The Hood River Glacier, Hood River, OR., November 18, 1915, page 6


     "I recall a snowfall just 40 years ago that was this early," says Hans Lage, a pioneer homesteader of the East Side last Thursday, when discussing the snowstorm that was prevailing over the Hood River valley. "My family and my wife's parents, Mr. and Mrs. Claus Hoeck, arrived at the Hood River boat landing November 12, 1875. It was snowing then.
     "A flag was flying at the boat landing. It had been raised on the day before at the time of the arrival of the colony of settlers from Elmyra, N.Y., and points in Pennsylvania. We remained a day or two in Hood River, then a mere settlement, and walked, after ferrying across the Columbia, to Gilmer, Wash., where we were contemplating settling. On the morning of November 18 the thermometer registered a temperature of four degrees below zero at Gilmer and three feet of snow covered the ground."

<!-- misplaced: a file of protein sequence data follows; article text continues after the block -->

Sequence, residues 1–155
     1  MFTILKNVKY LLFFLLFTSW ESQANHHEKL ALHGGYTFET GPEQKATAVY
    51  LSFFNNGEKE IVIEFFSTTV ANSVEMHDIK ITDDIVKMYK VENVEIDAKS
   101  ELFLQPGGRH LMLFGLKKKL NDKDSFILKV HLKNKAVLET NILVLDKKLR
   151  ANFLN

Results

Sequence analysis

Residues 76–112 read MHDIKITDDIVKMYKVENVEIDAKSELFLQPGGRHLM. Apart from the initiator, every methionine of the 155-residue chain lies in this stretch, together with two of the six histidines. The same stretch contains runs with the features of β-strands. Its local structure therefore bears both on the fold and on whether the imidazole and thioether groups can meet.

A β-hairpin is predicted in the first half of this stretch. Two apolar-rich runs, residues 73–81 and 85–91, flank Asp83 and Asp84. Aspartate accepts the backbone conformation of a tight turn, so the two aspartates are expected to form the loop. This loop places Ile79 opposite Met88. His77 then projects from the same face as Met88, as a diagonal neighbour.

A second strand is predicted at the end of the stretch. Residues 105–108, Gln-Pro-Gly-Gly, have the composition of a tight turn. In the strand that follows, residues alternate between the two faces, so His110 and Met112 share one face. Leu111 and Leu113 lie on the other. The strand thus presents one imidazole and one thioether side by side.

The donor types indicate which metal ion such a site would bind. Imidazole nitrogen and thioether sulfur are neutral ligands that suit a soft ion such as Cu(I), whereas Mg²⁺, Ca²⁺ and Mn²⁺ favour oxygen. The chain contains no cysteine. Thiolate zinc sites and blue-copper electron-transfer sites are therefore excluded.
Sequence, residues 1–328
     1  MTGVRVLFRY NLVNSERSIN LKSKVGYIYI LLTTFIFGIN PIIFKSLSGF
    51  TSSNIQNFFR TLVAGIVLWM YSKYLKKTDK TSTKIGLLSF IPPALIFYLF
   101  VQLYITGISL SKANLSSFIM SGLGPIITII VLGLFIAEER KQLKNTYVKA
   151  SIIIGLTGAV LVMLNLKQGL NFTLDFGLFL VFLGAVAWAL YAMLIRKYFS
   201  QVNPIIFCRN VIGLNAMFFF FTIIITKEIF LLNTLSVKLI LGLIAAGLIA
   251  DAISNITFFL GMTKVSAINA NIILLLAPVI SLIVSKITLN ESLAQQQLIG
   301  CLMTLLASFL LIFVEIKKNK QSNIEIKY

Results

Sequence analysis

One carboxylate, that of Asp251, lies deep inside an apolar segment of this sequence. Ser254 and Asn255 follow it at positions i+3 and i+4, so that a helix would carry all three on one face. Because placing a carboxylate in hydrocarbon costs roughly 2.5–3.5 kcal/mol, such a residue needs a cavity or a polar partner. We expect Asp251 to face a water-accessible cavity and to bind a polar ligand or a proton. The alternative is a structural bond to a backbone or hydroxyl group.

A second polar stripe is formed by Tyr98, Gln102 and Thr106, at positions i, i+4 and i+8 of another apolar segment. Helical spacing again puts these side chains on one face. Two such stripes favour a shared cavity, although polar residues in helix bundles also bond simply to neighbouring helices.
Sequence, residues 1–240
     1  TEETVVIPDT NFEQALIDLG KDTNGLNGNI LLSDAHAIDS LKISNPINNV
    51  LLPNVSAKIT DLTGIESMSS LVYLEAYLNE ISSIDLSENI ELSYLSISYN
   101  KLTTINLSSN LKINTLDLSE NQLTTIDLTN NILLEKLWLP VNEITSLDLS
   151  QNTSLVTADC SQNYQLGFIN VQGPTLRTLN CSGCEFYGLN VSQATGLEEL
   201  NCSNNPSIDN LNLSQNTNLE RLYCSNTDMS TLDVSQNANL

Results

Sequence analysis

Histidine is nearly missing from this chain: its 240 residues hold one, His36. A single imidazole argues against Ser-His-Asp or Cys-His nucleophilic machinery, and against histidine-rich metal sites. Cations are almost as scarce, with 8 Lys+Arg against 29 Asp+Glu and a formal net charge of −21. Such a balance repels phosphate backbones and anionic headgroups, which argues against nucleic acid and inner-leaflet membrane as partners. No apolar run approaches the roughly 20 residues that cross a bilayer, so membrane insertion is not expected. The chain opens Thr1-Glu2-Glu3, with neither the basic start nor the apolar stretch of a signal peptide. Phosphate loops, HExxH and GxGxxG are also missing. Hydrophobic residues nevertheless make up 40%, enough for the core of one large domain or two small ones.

In addition to his wife, Mr. Lage's family at the time of his arrival consisted of two daughters, now matrons of the Apple Valley, Mrs. W.P. Scobee and Mrs. J.H. Koberg, and a son, Henry Lage. The home place of Mr. Mr. Lage has always been conspicuous in the East Side orchard district. While neighbors planted all of their tillable land to apple trees, a portion of the Lage ranch was reserved for grain. While the German pioneer, who came here from Iowa, has engaged in the orchard business, he has consistently practiced diversified farming.
     But three surviving members of the Elmyra party now remain in Hood River. They are: Mrs. Emma Ingalls and her son, J.W. Ingalls, and Chas. Wallace, whose father, J.W. Wallace, passed away last summer. A sister of Mr. Wallace, Mrs. W.B. Perry, now resides in California. But few of the New York and Pennsylvania emigrants remained in Hood River longer than to stop over for the winter. As soon as spring came they journeyed on down the Columbia to the Willamette valley.
     The late Lyman Smith, whose death occurred last Wednesday at the home of his son, Will Smith, in Portland, was a member of the party."

©  Jeffrey L. Elmer